Irrevocable Life Insurance Trusts
Irrevocable Life Insurance Trusts (ILIT)1
Address Your Tax Needs and Obtain Peace of Mind
Life insurance in its various forms serves as a valuable component of your overall portfolio, enabling you to plan sensibly and effectively for the future.
- Term life insurance is often acquired to retire a debt (e.g. a mortgage) or pay for a looming expense (e.g. college costs) in the event of the premature death of the primary income earner.
- Permanent insurance with a high cash-value and a low death benefit sometimes supplements retirement income (investments are generally permitted to grow tax-deferred).
- Permanent insurance funds buy-sell agreements within closely-held businesses.
- Permanent insurance with a low cash-value and a high death benefit provides cash to an estate to pay looming estate tax.
When acquiring life insurance to cover estate taxes, the policy owner should be an Irrevocable Life Insurance Trust (ILIT) rather than the insured to avoid the repercussions of estate tax hits when the insured retains any incident of ownership at date of death. Within an ILIT properly structured by City National, life insurance proceeds will pass free of estate tax to trust beneficiaries.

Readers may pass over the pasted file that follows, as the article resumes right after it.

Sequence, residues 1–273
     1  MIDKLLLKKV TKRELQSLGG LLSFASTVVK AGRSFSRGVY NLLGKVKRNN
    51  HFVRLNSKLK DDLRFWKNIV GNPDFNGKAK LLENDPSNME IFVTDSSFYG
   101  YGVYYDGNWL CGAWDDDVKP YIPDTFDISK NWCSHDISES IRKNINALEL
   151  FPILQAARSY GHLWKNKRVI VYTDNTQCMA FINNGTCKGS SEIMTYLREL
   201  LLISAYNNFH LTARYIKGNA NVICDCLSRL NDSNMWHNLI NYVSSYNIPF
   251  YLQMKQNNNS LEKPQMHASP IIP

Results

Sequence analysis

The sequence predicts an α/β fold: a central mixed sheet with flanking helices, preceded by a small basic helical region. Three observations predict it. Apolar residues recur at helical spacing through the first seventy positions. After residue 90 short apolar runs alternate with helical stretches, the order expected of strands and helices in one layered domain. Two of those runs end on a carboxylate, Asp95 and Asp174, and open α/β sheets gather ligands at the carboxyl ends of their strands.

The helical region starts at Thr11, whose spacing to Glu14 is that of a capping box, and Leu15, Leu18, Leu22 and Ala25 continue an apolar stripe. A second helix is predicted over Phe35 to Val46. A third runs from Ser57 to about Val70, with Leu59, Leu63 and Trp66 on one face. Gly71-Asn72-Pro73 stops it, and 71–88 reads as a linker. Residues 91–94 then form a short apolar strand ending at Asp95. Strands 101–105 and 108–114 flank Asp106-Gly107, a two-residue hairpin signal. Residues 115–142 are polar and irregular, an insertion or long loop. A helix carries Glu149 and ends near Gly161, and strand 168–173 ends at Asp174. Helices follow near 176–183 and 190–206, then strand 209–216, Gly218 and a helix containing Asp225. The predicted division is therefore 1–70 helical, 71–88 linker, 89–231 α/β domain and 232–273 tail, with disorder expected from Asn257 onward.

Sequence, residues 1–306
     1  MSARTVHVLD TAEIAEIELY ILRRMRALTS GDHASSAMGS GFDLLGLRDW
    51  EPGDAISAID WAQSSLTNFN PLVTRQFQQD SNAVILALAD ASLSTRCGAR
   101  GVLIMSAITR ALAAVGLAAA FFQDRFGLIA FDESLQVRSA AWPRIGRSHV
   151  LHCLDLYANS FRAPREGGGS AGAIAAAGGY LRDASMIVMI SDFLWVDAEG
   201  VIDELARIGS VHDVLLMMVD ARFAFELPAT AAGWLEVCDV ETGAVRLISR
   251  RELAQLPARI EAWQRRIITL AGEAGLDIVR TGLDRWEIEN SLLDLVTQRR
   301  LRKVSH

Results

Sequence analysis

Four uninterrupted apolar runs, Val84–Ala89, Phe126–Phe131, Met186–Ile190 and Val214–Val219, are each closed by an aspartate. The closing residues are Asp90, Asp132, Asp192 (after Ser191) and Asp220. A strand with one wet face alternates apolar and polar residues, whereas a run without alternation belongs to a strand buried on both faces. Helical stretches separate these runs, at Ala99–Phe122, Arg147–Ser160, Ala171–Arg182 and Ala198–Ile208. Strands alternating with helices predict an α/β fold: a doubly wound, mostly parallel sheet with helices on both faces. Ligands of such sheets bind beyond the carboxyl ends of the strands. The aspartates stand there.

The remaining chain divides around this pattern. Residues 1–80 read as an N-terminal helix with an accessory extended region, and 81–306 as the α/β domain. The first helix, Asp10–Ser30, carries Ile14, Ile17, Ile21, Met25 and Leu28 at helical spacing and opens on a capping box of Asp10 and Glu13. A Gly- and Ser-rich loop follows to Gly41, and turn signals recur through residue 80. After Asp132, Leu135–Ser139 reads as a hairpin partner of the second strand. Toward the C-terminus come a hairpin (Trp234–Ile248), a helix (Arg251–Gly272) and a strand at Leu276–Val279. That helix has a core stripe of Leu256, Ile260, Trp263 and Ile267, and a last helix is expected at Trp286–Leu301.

- Contributions to the trust used to pay the policy's premium may qualify as annual exclusion gifts.
- If an existing policy is transferred to a life insurance trust and the grantor passes away within three years of the transfer, the proceeds will be included in the grantor’s taxable estate.
- An ILIT may be used to provide a substantial inheritance, to provide needed liquidity to pay estate tax, to replace the value of property given to charity, or to fund buy-sell agreements for business owners.
City National insurance experts help you navigate the nuances, traps and opportunities inherent in your overall life insurance plan.
- City National Bank its affiliates and subsidiaries, as a matter of policy, does not give tax, accounting, regulatory or legal advice. Rules in the areas of law, tax, and accounting are subject to change and open to varying interpretations. You should consult with your other advisors on the tax, accounting and legal implications of actions you may take based on any strategies presented taking into account your own particular circumstances.